Sometimes it can be challenging to communicate with a property manager. A tenant may become irate over improper repairs, raising rent, and so on. Some hiccups are natural. Yet, when minor issues transform into outright injustices that violate your rights, you might wonder what you can do. In the uncommon case that a landlord breaks the law, you need to be aware of what steps to take to protect yourself. If you feel that you’re down to the last resort, one possibility is to report them to the health department or housing authority. This blog post will list examples of when reporting your landlord is advisable and how to do so.
All landlords are responsible for providing their tenants with safe and habitable housing. This indicates that the property must be clear from health or safety hazards and be up to code. If your landlord doesn’t follow these standards, you may have grounds to file a complaint.
There are two types of complaints that you can file against your landlord:
- A health and safety complaint is filed when the property is not up to code or if health hazards exist. Examples of health and safety violations are lead paint, mold, asbestos, lack of heat, and lack of hot water.
- A housing quality complaint is filed when the property is not well maintained. This may include leaky ceilings, broken elevators, and rodent infestations.
You can always refer to your local Landlord/Tenant Laws, health department, or housing authority if you are not sure whether your landlord is violating the law. They will be the ones who will tell you what the regulations are in your area and if your landlord is following them.
Reasons to Report Your Landlord
There are several reasons why you might want to consider reporting your landlord. Possibly you’ve been asking them to make repairs for months, but they are ignoring you. Or you may be concerned about a health hazard on the property. Whatever the reason, know that government departments are ready to help you.
These are a couple of common reasons to report your landlord:
- Unsafe or unhealthy conditions on the property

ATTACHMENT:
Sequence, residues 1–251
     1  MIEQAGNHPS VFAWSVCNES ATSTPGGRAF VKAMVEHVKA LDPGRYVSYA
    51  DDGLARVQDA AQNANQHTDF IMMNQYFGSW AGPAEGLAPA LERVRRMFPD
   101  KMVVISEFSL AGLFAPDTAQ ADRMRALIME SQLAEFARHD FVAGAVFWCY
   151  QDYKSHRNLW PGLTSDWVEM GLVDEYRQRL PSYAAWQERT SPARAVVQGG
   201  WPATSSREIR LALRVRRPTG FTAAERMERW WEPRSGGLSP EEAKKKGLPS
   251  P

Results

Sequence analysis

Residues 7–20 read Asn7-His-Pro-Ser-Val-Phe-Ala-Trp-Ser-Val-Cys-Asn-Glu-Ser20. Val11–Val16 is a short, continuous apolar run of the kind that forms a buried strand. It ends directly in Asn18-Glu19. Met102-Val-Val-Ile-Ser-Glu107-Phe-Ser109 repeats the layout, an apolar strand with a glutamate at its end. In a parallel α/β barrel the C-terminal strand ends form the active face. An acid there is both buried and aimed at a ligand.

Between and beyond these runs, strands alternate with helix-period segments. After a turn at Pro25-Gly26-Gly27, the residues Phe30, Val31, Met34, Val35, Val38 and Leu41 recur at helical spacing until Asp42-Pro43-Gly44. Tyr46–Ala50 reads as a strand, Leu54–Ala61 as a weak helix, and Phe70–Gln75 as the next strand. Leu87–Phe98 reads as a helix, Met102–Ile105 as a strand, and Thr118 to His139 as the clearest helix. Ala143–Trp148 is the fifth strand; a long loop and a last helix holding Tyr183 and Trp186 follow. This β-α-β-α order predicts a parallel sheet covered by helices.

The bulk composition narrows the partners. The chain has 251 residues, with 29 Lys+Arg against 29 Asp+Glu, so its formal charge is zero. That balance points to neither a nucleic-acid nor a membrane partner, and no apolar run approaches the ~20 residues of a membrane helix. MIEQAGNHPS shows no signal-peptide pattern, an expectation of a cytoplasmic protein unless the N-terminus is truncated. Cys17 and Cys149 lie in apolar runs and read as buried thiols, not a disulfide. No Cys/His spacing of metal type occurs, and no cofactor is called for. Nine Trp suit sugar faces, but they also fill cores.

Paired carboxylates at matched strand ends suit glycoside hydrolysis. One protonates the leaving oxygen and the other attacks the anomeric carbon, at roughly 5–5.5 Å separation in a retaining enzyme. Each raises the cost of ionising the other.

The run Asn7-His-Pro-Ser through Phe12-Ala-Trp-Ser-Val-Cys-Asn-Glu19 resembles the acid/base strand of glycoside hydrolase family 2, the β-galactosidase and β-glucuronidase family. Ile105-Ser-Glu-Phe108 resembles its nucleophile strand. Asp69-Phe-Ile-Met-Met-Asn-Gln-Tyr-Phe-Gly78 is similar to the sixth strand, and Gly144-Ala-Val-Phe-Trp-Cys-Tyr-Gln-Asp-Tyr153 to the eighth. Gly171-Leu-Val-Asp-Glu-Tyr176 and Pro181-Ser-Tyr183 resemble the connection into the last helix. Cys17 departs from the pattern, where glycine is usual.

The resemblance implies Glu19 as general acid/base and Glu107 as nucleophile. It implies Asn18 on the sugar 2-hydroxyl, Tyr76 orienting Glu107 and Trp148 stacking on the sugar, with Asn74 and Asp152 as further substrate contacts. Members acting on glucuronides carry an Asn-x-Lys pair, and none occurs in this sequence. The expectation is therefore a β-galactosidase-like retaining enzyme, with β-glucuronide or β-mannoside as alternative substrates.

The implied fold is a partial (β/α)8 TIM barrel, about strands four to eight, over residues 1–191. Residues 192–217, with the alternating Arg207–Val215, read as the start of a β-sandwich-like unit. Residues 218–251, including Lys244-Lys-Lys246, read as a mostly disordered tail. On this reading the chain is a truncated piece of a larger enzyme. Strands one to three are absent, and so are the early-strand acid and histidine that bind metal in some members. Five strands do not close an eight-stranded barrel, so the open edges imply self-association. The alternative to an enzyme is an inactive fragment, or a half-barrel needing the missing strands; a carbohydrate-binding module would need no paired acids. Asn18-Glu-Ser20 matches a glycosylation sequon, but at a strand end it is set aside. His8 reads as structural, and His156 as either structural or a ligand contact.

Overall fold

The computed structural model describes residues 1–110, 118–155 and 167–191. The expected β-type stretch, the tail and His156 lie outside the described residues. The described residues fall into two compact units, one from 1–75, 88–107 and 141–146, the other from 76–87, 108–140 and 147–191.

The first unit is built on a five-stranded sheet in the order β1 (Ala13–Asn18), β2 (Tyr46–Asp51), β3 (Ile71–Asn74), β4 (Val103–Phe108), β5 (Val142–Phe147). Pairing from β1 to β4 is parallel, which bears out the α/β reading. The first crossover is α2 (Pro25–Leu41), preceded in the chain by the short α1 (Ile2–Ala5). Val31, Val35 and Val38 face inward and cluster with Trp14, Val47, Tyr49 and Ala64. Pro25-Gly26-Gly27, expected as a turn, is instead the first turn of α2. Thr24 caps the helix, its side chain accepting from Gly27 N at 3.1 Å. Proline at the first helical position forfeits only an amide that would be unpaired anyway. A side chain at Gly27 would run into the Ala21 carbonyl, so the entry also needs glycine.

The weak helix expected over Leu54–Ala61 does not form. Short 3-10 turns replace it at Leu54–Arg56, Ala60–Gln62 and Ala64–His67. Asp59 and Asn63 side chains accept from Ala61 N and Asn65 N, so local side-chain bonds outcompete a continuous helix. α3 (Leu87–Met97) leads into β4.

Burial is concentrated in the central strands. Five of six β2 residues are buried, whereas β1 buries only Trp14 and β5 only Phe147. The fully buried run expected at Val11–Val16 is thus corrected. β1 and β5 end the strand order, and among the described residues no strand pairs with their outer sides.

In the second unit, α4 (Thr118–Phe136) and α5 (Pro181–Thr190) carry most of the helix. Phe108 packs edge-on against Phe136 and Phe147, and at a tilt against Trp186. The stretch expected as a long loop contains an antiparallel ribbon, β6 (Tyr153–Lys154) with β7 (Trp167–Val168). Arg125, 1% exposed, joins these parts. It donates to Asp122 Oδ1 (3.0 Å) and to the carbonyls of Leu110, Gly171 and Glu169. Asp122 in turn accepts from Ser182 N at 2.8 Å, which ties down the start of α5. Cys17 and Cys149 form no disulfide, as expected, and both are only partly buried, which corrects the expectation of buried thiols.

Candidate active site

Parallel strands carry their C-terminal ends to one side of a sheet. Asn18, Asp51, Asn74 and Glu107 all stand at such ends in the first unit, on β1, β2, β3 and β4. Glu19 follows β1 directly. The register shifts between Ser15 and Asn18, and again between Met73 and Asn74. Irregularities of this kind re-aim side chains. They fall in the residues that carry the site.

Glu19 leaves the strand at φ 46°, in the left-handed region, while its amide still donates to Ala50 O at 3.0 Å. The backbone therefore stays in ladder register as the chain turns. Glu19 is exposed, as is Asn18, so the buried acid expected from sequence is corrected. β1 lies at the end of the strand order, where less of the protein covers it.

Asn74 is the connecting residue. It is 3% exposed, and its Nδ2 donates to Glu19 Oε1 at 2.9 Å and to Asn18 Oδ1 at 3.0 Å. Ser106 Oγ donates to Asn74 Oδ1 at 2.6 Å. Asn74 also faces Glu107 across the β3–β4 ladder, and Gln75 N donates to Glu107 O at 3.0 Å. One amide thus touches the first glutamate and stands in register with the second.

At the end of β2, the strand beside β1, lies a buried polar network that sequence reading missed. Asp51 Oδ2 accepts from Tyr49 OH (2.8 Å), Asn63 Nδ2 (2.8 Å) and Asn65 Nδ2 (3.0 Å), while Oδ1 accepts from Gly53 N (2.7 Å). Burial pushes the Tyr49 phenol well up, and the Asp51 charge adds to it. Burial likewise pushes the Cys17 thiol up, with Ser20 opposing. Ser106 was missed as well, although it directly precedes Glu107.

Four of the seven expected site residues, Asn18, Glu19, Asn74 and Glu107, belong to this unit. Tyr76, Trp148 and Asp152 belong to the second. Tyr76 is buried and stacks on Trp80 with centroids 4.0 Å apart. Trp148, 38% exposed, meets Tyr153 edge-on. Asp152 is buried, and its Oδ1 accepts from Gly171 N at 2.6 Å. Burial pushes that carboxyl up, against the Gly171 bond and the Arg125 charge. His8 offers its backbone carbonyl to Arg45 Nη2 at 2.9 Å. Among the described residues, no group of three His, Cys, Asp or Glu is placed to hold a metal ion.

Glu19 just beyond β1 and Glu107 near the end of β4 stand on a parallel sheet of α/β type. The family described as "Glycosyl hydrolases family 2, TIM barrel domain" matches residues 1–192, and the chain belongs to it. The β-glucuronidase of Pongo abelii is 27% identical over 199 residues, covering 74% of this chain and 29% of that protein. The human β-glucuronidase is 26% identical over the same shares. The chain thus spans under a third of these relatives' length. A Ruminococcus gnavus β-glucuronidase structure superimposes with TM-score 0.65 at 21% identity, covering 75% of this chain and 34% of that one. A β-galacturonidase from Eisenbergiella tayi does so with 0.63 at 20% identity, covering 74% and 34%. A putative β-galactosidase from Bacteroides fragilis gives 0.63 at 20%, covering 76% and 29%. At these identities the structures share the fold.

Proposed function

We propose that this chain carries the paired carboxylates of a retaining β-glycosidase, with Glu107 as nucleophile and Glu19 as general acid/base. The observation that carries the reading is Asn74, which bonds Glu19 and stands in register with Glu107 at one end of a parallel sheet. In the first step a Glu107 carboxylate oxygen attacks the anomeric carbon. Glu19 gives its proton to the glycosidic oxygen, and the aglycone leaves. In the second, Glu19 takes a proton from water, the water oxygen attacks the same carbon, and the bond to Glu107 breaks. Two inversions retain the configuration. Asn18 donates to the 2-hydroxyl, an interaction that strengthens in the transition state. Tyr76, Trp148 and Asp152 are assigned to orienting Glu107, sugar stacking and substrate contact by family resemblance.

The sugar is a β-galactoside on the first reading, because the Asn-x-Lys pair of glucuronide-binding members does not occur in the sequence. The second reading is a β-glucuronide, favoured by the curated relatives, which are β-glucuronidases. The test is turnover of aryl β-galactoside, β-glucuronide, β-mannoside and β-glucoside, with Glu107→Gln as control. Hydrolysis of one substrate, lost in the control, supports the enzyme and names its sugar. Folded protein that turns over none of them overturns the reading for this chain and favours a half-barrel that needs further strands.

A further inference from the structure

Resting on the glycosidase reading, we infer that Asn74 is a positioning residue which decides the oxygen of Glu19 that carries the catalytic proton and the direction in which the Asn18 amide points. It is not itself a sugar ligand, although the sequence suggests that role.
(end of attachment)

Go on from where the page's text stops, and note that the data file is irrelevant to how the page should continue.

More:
- Lack of repairs or maintenance
- Landlord harassment
- Illegal eviction attempts
- Failure to provide required services, such as heat or hot water
These are only a few examples. If you’re not confident whether you have a valid reason to file a complaint, you can call your local health department or housing authority to ask.
How to Report Your Landlord
If you’re planning to file a complaint against your landlord, there are a few things you’ll need to do. First, you’ll need to compile evidence of the violation. This can include photos, witness statements, and any other documentation that you have. Following that, you’ll have to file a complaint with your local health department or housing authority. They will investigate your claim and take action if necessary.
Furthermore, you can file a civil lawsuit against your landlord. Even though uncommon, this can be needed if the health department or housing authority is unable to help you.
Reporting your landlord can be stressful, but you need to know that you have rights as a tenant. If your landlord fails to give you safe and habitable home, you have the right to speak up. With the assistance of your local health department or housing authority, you can guarantee that your landlord is held accountable for their actions.
One of the best methods to avoid a bad landlord is to rent from a reputable property management company. At Real Property Management Regions, we pride ourselves on our excellent customer service and dedication to maintaining safe and comfortable homes for our tenants. Browse our listings to learn more about our available rentals. We would be eager to assist you in selecting a safe and affordable place to call home.
We are pledged to the letter and spirit of U.S. policy for the achievement of equal housing opportunity throughout the Nation. See Equal Housing Opportunity Statement for more information.